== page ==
The next leg was 15 miles on the Centennial Trail, one of Washington's great rail-trails. It was here I discovered the rumors of my Dad's decline have been greatly exaggerated. As if there was ever a question :) The old man took great joy in repeatedly sprinting away from me like I was standing still. Usually I make a decent cat to his mouse, but on this day he seemed driven by some greater purpose.

To put it another way, he kicked my butt.

We rolled into the finish and immediately started prepping for the reward phase. You know... beers. Beers are the carrots we dangle in front of each other when the legs start complaining. I was so excited when my phone rang not 10 minutes later. Lisa had finished, too! So proud.

We met the girls at the (not really) stunning White Horse Tavern in (not at all) majestic downtown Arlington. A couple beers and a round of cheap tequila later, and the (exaggerated) stories of suffering and triumph on the road were flowing.

For me, this was not just another day on the bike. Given my dad's recent health diagnoses, every pedal stroke seemed to carry new significance. Hope, even. And with Lisa riding now, too... the idea that we can share all these great memories as a family is encouraging indeed.

Tuesday, March 17, 2009

What can you do when you can't do anything?

I'm a stereotypical guy when it comes to problem solving. Throw some spackle on it. Whether at work or home, I'm pretty good at finding patches to cover up the rough spots.

Bad news about my dad today. His cancer is on the move, into the bones at his very core. As he said it, "this is going to really affect my ability to do the active things with you."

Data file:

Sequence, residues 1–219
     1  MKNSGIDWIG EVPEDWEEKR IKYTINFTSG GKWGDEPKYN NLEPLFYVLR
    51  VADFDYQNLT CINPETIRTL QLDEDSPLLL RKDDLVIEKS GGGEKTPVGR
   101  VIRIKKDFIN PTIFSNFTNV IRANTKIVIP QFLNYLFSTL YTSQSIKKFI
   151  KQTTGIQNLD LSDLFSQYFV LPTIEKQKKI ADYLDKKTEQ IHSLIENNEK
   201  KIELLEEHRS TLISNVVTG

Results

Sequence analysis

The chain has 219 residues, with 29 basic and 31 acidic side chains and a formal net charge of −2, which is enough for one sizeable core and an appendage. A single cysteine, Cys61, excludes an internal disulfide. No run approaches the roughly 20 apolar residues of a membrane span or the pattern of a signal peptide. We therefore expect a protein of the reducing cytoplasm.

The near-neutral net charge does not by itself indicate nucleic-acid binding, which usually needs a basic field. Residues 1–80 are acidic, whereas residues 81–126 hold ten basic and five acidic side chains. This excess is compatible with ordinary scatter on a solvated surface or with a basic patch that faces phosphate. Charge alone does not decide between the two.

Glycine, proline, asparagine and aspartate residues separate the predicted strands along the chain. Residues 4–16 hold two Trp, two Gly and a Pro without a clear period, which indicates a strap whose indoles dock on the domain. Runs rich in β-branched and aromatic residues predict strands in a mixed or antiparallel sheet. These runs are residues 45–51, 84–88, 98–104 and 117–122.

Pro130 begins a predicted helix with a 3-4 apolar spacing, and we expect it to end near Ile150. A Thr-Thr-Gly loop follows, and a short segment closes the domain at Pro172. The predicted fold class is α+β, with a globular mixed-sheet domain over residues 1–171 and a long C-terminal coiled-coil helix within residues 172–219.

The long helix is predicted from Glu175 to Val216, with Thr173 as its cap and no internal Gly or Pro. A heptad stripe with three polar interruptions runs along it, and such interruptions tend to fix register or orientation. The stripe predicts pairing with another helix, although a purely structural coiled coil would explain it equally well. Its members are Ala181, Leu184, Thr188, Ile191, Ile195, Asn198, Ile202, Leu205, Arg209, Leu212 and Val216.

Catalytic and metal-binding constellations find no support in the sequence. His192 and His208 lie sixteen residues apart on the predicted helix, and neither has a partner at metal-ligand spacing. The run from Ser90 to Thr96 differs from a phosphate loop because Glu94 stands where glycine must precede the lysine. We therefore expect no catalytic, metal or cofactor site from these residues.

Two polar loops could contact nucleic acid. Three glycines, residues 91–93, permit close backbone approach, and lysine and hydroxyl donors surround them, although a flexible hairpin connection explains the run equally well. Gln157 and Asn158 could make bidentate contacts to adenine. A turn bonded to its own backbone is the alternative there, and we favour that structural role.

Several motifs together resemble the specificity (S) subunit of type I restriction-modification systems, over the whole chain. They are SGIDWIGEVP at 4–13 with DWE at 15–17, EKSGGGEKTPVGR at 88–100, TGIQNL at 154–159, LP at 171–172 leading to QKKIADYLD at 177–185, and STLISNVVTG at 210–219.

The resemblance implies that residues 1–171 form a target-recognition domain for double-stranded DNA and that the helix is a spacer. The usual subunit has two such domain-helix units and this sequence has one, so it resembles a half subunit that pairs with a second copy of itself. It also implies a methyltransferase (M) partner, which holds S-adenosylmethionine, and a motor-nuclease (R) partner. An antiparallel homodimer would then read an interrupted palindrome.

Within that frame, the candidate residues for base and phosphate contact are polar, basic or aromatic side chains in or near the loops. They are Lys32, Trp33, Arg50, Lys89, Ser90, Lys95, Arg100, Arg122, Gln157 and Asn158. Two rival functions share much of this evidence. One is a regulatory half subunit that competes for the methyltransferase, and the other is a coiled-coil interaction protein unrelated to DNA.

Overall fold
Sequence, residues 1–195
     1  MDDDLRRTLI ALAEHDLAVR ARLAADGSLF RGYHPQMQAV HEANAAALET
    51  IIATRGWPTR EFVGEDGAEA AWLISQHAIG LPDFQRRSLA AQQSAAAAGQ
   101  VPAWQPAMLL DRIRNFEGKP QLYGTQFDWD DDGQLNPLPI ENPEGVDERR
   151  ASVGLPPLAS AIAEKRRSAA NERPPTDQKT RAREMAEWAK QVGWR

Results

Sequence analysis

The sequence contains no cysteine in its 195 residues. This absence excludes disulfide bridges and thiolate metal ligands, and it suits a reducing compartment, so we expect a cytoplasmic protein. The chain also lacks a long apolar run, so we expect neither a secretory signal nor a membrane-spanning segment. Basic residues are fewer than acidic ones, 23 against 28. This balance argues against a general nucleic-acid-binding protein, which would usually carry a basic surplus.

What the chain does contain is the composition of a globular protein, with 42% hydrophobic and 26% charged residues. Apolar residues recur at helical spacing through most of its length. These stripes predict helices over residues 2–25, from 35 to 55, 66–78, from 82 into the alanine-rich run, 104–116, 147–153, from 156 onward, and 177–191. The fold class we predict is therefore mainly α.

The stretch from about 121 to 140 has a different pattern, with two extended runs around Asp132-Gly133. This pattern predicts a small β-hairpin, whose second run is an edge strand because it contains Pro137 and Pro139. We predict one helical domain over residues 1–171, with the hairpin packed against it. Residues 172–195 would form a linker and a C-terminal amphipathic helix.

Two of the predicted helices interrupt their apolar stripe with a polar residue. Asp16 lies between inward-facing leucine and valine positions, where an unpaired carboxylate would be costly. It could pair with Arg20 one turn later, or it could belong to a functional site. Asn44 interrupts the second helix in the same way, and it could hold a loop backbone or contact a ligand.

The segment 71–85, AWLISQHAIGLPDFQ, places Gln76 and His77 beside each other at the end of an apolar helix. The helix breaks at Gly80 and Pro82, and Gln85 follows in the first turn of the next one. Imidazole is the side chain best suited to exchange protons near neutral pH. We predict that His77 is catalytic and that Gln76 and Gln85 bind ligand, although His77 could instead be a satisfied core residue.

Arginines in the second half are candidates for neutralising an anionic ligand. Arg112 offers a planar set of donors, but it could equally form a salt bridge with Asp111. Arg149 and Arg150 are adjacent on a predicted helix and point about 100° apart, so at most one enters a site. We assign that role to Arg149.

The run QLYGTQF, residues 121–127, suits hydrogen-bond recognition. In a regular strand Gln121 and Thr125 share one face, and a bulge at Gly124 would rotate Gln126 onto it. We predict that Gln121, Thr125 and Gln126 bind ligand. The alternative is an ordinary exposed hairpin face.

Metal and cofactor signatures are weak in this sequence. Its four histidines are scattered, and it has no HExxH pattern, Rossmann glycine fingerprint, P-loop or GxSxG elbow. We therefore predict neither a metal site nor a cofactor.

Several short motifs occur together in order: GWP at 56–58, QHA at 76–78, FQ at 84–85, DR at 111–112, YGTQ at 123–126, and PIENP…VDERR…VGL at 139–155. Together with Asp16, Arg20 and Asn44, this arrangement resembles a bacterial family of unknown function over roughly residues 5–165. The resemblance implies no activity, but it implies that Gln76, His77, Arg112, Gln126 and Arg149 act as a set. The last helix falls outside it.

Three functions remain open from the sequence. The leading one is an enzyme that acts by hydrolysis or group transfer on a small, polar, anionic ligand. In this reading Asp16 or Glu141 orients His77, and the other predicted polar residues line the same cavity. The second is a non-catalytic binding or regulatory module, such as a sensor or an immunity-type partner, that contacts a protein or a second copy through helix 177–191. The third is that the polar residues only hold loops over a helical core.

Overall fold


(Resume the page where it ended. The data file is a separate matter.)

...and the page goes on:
But, wait... we just did a 5-mile run in the snow on Sunday. Joking, stomping through the slush like kids with the same, easy cadence.

Shit. Reality returns.

I had swept these feelings of frustration under the rug for a few months, but now they're back. What can you do when you can't do anything? What do you say when words don't mean anything? How are you supposed to fight when you can't see the bully?

More waiting. More hollow, helpless waiting.

Monday, March 16, 2009

Another run...

I get 40 minutes a day to let loose on the roads. My lunchtime run. Another day looking for a little divine energy amongst the failing businesses and empty warehouses. Poetic contrasts... a beautiful riverfront road, littered with the waste of a thousand high school keggers. Turn up the music and run faster. Stomp it. Leave each step in the past, planted in the sand. Know that the sunshine is coming. Another run.

Wednesday, March 11, 2009

Miracle on 130th Street...

The blogosphere is awash with negativity. Snark and whine run amok in this world (and I cannot exclude myself from the pack of complainers).

So here is a quick story of hope, fresh from the "real world".

I strongly dislike grocery shopping (that's what we tell our kids to say instead of "hate"). Our closest store is a depressing microcosm of everything I think is wrong with America.

But this is a positive story :)

So, I'm in the soda aisle, moving quickly, lest I prolong the agony of shopping. I'm entirely conscious of the two pre-teen kids walking my way and joking loudly with one another. As soon as I grab the 12-pack of Duo (budget shoppers will relate), it breaks, sending cans of store-brand beverage scattering all over the floor.

First thought... these kids are either going to mock me openly, or ridicule the whole scene in whisper, just loud enough for me to hear. As I scramble to gather up the cans, and the miscreants get closer, I brace for the inevitable. Here they are. I can hear what they're saying now.

"Do you need any help with that, sir?"

I'm sorry, what?

A combination of surprise and embarrassment made me belch out, "No." And a second later, "no thanks."

I'm still completely stunned. And still smiling. Never mind the fact that I'm apparently now old (and bald) enough to be called "sir". These kids actually offered to help me. It seems that the death of manners has been greatly exaggerated.